In equity, the price is in CCY (USD for example) per one share. In FX, the price is still in CCY (USD for instance) for one unit of foreign currency (EUR for example). Therefore, there really is no difference - apart from the fact that expressing the price in either currency makes more sense than it does in terms of shares of stock.

More formally, an FX spot rate $$S_t = \frac{DOM}{FOR}$$ represents the number of units of domestic currency needed to buy one unit of foreign currency at time t. In EURUSD, this corresponds to $\frac{USD}{EUR}$ or $\frac{CCY2}{CCY1}$.

A buyer of a EUR vanilla call (USD Put) receives a EUR notional amount N and pays N × K USD, where K is the strike. The Garman Kohlhagen formula applies by default to one unit of foreign notional (corresponding to one share of stock in equity markets), with a value in units of domestic currency. Paying the premium in CCY1 (EUR in the example here), would be the equivalent of paying for stock options in shares of stock, albeit less realistic for stock options. To get to the CCY1 value, the value in CCY2 is simply divided by spot (this is crucial for explaining the reason why delta is in CCY1 but gamma is in CCY2 by default as will be shown at the very end).

To summarize, notional is in CCY1 (equivalent to number of shares), Premium in CCY2 and call refers to CCY1 (which is a Put on CCY2). Therefore, premium in CCY2 is $$v_{ccy2} = S*e^{-ccy1*t}*N(d1) - K*e^{-ccy2*t}*N(d2)$$ In CCY1, you have $$ v_{ccy1} = v_{ccy2}/S $$

Let's demonstrate this in Julia:

# GK model
function GKModel(S, K,t,ccy1,ccy2,σ)
    d1 = ( log(S/K) +  ( ccy2 -ccy1 + 0.5*σ^2)*t ) / (σ*sqrt(t))
    d2 = d1 - σ*sqrt(t)
    c  = S*exp(-ccy1*t)*N(d1)-K*exp(-ccy2*t)*N(d2)
    # p  = exp(-ccy2*t)*K*N(-d2)-S*N(-d1)*exp(-ccy1*t)
    delta =   exp(-ccy1*t)*N(d1)
    vega =  S*sqrt(t)n(d1)*exp(-ccy1*t)*0.01
    gamma = exp(-ccy1*t)*n(d1)/(S*σ*sqrt(t))
  return DataFrame(premCCY2 = c, premCCY2_pct=c/S, delta = delta , vega = vega, gamma= gamma)

S = 1.1 # EURUSD for example
K = 1.1
vol = 6/100
ccy1 = 0
ccy2 = 0 #(rd)
t = 1
N_eur = 10_000

enter image description here

Delta is again unaffected by the value of spot whereas all other values (expressed in CCY2) naturally change.

Checking the change of the option price with respect to 1% change in spot shows the following (this time with actual notional in CCY1).

enter image description here

To hedge, one needs to sell an amount equal to delta in CCY1 to be delta hedged.

# sell EUR for USD is delta hedge
hedge = df.delta[1]*S
println("Selling $(round(df.delta[1],digits=4)) EUR at spot gives $(round(hedge, digits=4)) USD")
# mark to market after fx appreciated 
mtm = hedge/(S*1.01)
println("New EUR value after EUR appreciated = $(round(mtm,digits=4))")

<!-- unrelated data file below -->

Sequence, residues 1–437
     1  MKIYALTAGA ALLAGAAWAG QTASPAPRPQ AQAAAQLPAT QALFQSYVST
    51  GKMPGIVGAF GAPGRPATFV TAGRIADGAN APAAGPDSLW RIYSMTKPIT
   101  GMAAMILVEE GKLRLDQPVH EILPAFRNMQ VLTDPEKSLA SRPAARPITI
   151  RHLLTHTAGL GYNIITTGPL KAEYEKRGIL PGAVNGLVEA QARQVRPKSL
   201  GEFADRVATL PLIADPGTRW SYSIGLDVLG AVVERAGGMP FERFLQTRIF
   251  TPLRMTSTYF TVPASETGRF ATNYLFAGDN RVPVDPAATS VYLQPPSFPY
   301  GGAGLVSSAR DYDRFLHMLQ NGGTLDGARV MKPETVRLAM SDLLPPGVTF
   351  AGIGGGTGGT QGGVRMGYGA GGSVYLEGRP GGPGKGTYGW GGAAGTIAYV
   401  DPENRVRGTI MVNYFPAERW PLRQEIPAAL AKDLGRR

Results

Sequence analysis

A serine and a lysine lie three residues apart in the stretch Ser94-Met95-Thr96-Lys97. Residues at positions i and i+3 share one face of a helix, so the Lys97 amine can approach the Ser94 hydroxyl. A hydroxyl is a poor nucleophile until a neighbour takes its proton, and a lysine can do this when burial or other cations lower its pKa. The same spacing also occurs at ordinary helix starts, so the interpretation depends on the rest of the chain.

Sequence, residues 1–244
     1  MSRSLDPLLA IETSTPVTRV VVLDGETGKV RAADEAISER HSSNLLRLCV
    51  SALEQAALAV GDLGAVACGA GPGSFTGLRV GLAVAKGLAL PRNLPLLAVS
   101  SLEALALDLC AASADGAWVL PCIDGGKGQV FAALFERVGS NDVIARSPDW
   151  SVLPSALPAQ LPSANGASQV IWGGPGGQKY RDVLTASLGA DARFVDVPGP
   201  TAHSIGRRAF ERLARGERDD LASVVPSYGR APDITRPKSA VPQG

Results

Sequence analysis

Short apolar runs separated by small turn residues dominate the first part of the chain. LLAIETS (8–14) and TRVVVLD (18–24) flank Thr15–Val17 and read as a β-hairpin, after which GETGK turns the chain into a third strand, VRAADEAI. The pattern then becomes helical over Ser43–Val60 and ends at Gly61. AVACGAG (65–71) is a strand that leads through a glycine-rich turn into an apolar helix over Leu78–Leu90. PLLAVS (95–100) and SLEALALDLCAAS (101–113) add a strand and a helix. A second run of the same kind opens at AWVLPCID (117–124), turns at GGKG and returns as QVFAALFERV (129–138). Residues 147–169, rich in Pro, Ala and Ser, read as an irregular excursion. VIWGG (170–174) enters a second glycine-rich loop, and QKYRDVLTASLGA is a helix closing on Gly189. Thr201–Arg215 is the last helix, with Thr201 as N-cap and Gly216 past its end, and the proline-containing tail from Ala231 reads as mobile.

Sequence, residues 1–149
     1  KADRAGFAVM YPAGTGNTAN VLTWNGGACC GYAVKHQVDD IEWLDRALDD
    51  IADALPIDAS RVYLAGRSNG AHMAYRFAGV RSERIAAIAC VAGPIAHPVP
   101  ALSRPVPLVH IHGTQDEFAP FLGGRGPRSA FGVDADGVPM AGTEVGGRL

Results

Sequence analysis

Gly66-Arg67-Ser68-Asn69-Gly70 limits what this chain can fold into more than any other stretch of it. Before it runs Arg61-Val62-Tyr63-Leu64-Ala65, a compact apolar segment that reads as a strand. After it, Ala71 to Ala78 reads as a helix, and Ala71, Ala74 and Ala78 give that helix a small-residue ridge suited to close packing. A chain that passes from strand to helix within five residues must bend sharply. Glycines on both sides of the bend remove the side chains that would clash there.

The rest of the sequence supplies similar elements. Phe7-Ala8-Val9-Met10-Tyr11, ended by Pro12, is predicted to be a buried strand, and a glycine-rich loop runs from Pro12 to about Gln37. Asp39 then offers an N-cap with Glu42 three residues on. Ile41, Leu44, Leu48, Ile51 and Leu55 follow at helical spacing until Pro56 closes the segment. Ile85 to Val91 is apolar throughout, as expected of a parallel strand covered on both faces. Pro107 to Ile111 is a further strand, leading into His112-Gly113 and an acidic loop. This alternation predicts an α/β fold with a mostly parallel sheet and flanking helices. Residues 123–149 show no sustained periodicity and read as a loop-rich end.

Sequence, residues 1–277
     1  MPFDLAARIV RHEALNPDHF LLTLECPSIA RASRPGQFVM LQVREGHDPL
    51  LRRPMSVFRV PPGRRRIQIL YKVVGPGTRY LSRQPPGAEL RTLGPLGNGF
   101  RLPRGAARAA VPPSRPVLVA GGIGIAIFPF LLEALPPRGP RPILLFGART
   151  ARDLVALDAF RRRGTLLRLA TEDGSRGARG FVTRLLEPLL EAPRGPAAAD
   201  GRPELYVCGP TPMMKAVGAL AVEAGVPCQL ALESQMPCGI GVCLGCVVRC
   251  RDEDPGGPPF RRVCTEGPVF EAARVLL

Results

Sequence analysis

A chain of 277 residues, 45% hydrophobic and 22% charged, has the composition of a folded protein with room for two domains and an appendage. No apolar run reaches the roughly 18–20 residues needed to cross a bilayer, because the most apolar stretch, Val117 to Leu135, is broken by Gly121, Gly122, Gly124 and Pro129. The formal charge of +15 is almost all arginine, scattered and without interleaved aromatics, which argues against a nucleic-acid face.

pnlHedge = mtm-df.delta[1]
println("The loss in the hedge is $(round(pnlHedge,digits=4)) ")

enter image description here

Checking against the actual change in CCY2 premium makes it look like the hedge was not particularly good.

enter image description here

However, remember, it is actually in CCY1 as opposed to CCY2. enter image description here

This not only matches closely the delta of 0.511 but also shows that the delta hedge was quite good indeed.

Looking at Gamma reveals that there must be an issue in terms of CCY of denomination. The change in delta is nowhere near what gamma suggests. As mentioned before, unit gamma works in a Taylor expansion. Trying this here shows it works quite well (simple comparing it to the actual change in value in CCY2). That is what @Kermittfrog was eluding to I think. However, it does not address the actual question of ccy of denomination (in my opinion).

enter image description here

To get gamma in ccy1, one needs to multiply by spot. Afterwards, delta plus gamma equals the new delta (approximately).

println(round(df.gamma[1]*S*0.01,digits=4)) #(to get gamma in notional ccy1)
println("The new delta will be close to delta old + gamma in EUR => $(round(df.delta[1],digits=4)) + $(round(df.gamma[1]*S*0.01,digits=4)) =  $(round(df.delta[1] + df.gamma[1]*S*0.01,digits=4))") 

enter image description here

To conclude this rather lengthy post with, in my opinion, a very intuitive explanation; the reason delta is in CCY1 (or shares) is that you divide by spot (just like you do with premium in CCY2 to express it in CCY1). Similarly, for Gamma, looking at the derivative, $$\Gamma = \frac{\partial\Delta}{\partial S} = \frac{\partial^2 v_{ccy2}}{\partial S^2}$$ one can break this down to the dimensions of $\partial^2 v_{ccy2}$ which is CCY2, and $\partial S^2$ which is $(\frac{CCY2}{CCY1})^2$. Therefore, gamma is in $$\frac{CCY2}{(\frac{CCY2}{CCY1})^2}$$ This in turn is equal $$\frac{CCY1^2}{CCY2}$$ Rescaling by spot gives you Gamma in terms of CCY1 because $$\frac{CCY1^2}{CCY2}*\frac{CCY2}{CCY1} = CCY1$$ The code is in domestic vs foreign as opposed to CCY2 vs CCY1 but I think it should be clear that it is identical.

enter image description here